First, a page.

Art exists to inspire and move, to educate and excite. And as the creative capital of the world, that’s a big part of our identity as Angelenos.
When construction begins next year on the Lucas Museum of Narrative Art in Exposition Park, it will mean a great many things to Los Angeles: the addition of a world-class institution to our city’s cultural landscape, drawing visitors from around the globe who will travel here to be immersed in stories told on canvas and celluloid; an investment of more than $1 billion in South L.A., arriving with a striking architectural gem that will forever be a touchstone; and an estimated 1,500 construction jobs — followed by 350 permanent positions, which will fall under a local hire program to ensure that residents within a three-mile radius have access to employment.
Yet, years from the day those doors swing open, we already know that this is much larger than an investment in a park, a city or even a museum. We fought for Lucas not only to create new jobs and secure the biggest cultural prize in America — but to unlock our imaginations and inspire us to put arts education to all of our schools.
Thousands of students attend school within walking distance of Exposition Park, where the museum is putting down roots alongside other Los Angeles icons. Countless young people will quickly and easily get to a single place and visit the California Science Center for a journey to the world of space exploration, be moved by the richness of black history and artistic expression at the California African American Museum, learn about the origins of our Earth at the Natural History Museum, and enter the Lucas Museum of Narrative Art to test the boundaries of their own creativity and see things they have only imagined become real through storytelling.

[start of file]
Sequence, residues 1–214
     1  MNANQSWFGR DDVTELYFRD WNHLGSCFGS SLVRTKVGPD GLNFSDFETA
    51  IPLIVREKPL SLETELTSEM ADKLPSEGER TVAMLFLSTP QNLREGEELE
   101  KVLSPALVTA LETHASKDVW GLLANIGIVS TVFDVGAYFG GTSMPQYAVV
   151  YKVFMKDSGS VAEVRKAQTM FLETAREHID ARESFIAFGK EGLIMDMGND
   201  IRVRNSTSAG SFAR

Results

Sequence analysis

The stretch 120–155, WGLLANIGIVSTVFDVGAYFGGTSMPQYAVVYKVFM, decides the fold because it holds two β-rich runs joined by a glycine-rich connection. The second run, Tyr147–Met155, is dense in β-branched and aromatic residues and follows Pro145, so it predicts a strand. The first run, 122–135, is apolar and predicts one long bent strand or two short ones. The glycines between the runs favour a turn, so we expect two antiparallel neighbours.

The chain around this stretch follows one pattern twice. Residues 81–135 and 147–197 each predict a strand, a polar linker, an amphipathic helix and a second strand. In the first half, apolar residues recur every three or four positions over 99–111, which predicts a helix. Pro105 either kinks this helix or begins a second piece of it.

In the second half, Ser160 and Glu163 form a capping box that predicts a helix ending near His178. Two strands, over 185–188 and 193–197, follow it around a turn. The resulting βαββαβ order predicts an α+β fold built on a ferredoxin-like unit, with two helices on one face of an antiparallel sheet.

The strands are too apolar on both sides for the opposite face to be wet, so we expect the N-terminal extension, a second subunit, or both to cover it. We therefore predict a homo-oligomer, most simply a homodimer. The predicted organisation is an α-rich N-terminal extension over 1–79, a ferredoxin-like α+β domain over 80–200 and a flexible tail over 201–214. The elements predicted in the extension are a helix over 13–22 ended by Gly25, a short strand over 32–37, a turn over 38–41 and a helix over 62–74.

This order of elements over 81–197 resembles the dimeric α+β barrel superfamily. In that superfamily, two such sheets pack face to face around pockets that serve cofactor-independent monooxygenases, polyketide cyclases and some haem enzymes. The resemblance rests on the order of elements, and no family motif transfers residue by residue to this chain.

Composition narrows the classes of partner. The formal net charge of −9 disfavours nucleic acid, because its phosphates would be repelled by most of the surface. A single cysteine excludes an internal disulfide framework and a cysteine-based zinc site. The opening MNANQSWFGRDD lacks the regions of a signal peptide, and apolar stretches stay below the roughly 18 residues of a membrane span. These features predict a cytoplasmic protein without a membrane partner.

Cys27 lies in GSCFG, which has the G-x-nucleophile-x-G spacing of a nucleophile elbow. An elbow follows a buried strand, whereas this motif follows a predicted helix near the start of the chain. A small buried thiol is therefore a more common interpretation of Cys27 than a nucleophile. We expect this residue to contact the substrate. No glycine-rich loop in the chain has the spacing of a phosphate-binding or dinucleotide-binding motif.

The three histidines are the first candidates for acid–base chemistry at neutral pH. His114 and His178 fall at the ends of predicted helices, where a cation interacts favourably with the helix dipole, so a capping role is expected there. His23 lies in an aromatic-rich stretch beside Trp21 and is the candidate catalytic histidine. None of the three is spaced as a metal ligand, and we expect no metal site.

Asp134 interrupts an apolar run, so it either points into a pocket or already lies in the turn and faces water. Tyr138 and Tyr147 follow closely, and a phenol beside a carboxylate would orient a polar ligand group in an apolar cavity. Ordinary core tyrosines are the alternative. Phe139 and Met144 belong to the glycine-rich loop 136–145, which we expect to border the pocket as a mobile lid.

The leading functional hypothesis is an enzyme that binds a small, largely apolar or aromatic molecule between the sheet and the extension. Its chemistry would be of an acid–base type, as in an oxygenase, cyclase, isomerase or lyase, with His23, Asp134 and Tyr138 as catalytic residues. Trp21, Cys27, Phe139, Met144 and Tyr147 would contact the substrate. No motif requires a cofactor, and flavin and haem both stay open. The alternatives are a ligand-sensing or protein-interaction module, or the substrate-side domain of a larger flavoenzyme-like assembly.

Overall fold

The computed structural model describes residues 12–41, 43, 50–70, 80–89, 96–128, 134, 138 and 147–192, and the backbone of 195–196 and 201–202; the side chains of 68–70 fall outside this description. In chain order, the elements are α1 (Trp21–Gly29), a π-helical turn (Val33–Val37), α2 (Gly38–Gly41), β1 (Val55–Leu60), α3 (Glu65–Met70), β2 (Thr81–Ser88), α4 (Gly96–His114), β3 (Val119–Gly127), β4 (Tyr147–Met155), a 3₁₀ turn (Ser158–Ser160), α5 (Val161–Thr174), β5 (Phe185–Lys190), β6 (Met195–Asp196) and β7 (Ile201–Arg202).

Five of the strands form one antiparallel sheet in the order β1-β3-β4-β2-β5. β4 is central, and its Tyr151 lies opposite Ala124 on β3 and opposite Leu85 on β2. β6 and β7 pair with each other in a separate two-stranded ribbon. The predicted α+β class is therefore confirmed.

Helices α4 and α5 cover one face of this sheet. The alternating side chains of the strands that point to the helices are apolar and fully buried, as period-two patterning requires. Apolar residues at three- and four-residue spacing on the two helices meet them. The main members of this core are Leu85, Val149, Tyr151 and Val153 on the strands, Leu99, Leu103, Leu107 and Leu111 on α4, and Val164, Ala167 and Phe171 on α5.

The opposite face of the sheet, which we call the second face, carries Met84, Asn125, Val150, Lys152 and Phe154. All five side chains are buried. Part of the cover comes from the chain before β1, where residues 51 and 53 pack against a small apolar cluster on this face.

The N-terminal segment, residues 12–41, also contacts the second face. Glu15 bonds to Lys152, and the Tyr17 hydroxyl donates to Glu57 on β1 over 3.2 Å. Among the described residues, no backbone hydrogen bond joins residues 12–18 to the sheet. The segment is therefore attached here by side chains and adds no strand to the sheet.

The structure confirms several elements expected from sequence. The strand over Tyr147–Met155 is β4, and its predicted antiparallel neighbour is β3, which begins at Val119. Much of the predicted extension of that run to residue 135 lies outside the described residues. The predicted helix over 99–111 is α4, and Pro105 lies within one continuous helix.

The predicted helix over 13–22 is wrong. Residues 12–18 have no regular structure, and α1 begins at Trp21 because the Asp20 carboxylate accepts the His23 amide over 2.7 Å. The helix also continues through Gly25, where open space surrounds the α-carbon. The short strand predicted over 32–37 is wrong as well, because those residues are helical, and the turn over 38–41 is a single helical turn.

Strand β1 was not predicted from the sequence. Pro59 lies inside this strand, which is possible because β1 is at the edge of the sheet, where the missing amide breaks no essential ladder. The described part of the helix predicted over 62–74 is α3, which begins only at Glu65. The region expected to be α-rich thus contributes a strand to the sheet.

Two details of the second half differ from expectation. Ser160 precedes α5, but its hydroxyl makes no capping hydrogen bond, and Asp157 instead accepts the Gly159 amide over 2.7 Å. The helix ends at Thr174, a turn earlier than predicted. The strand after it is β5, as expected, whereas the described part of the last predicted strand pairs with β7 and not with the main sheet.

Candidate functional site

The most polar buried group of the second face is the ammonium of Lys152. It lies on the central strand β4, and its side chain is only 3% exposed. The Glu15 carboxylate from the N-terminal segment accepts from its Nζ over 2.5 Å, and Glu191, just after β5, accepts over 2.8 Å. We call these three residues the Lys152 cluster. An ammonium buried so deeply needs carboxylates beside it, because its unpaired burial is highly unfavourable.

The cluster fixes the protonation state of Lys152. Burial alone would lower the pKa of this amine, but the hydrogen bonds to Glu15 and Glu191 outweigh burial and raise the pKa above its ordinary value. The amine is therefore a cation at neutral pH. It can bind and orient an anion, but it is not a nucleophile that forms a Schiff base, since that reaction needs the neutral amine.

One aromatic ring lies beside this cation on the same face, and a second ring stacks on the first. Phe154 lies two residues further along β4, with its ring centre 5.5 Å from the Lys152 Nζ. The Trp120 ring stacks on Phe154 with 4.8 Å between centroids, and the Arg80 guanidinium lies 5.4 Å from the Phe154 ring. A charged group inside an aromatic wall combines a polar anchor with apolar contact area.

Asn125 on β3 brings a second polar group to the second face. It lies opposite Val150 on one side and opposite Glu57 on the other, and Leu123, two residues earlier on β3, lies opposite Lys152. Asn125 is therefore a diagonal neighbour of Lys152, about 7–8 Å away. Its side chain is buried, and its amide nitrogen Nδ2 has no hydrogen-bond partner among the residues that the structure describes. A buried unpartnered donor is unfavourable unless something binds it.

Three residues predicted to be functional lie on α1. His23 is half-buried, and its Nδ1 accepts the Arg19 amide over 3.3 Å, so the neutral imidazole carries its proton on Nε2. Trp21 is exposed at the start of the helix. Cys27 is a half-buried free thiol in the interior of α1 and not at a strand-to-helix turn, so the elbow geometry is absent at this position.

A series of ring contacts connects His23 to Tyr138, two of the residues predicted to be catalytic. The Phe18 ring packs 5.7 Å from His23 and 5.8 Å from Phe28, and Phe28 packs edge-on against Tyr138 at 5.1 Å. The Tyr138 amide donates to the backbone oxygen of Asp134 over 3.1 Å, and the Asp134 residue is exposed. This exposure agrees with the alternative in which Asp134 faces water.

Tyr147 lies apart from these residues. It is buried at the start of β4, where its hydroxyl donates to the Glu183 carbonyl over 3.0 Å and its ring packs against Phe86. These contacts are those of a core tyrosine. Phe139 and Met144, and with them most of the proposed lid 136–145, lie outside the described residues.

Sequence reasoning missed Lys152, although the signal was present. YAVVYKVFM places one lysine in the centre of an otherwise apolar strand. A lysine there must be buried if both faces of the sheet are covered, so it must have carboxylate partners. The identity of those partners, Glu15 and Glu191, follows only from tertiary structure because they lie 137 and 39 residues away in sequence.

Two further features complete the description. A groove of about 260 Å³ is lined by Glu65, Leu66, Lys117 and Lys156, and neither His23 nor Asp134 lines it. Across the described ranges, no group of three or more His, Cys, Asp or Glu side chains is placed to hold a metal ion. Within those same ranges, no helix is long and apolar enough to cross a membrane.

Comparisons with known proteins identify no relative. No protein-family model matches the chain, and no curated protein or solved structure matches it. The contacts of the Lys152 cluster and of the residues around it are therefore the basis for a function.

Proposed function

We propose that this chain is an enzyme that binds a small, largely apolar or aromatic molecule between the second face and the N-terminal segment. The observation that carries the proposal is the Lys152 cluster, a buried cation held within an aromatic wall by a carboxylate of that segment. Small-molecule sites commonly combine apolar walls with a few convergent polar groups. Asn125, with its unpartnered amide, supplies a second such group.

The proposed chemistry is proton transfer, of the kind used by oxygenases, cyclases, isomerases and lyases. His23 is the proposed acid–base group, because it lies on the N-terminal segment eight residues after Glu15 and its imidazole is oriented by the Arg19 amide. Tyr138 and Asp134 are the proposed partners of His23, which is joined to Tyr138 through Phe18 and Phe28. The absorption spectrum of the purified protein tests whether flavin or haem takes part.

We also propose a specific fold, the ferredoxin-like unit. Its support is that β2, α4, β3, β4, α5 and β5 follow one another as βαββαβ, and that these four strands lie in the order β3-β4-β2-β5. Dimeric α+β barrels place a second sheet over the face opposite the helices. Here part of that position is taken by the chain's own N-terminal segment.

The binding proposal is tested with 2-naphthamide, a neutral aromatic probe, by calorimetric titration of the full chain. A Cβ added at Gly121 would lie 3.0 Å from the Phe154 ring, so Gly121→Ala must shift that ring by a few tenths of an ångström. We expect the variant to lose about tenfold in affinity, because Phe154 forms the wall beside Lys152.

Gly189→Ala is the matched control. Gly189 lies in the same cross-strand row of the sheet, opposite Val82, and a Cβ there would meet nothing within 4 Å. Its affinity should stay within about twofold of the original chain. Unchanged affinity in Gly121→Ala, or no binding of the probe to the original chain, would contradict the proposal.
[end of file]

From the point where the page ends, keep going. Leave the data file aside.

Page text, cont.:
Mellody Hobson — who, with her husband George Lucas, is the driving force behind the project — said it best in an interview shortly after L.A. was selected as the home for the 300,000-square-foot museum: “We wanted to be here because of the community. We thought that it was in a community where we could make a difference. It was a community that wanted us.”
That generosity and vision are why I worked closely with Mellody and George to bring the museum — the largest museum gift from one family to a city in our nation’s history — to L.A. We celebrated together after it won final City Council approval last month, joined by Councilman Curren Price and surrounded by children who will draw immeasurable inspiration from the Lucas Museum after it opens in 2020.
“One of the things I have said about this museum is that it is a school for schools,” Mellody said when we stood together on June 27. “It’s not just a museum; it is a place [for] not only students, children and adults but schools and academics. People will come from all over the world to learn — and ultimately thousands, and tens of thousands, and hundreds of thousands will be served from this one building and all of the neighboring [institutions].”
That’s a vision worthy of our city — a place that is always redefining what it means to set our sights a little higher, to build, to dare and to dream.
Mayor Eric Garcetti’s “Community Report” column runs every month in The Wave.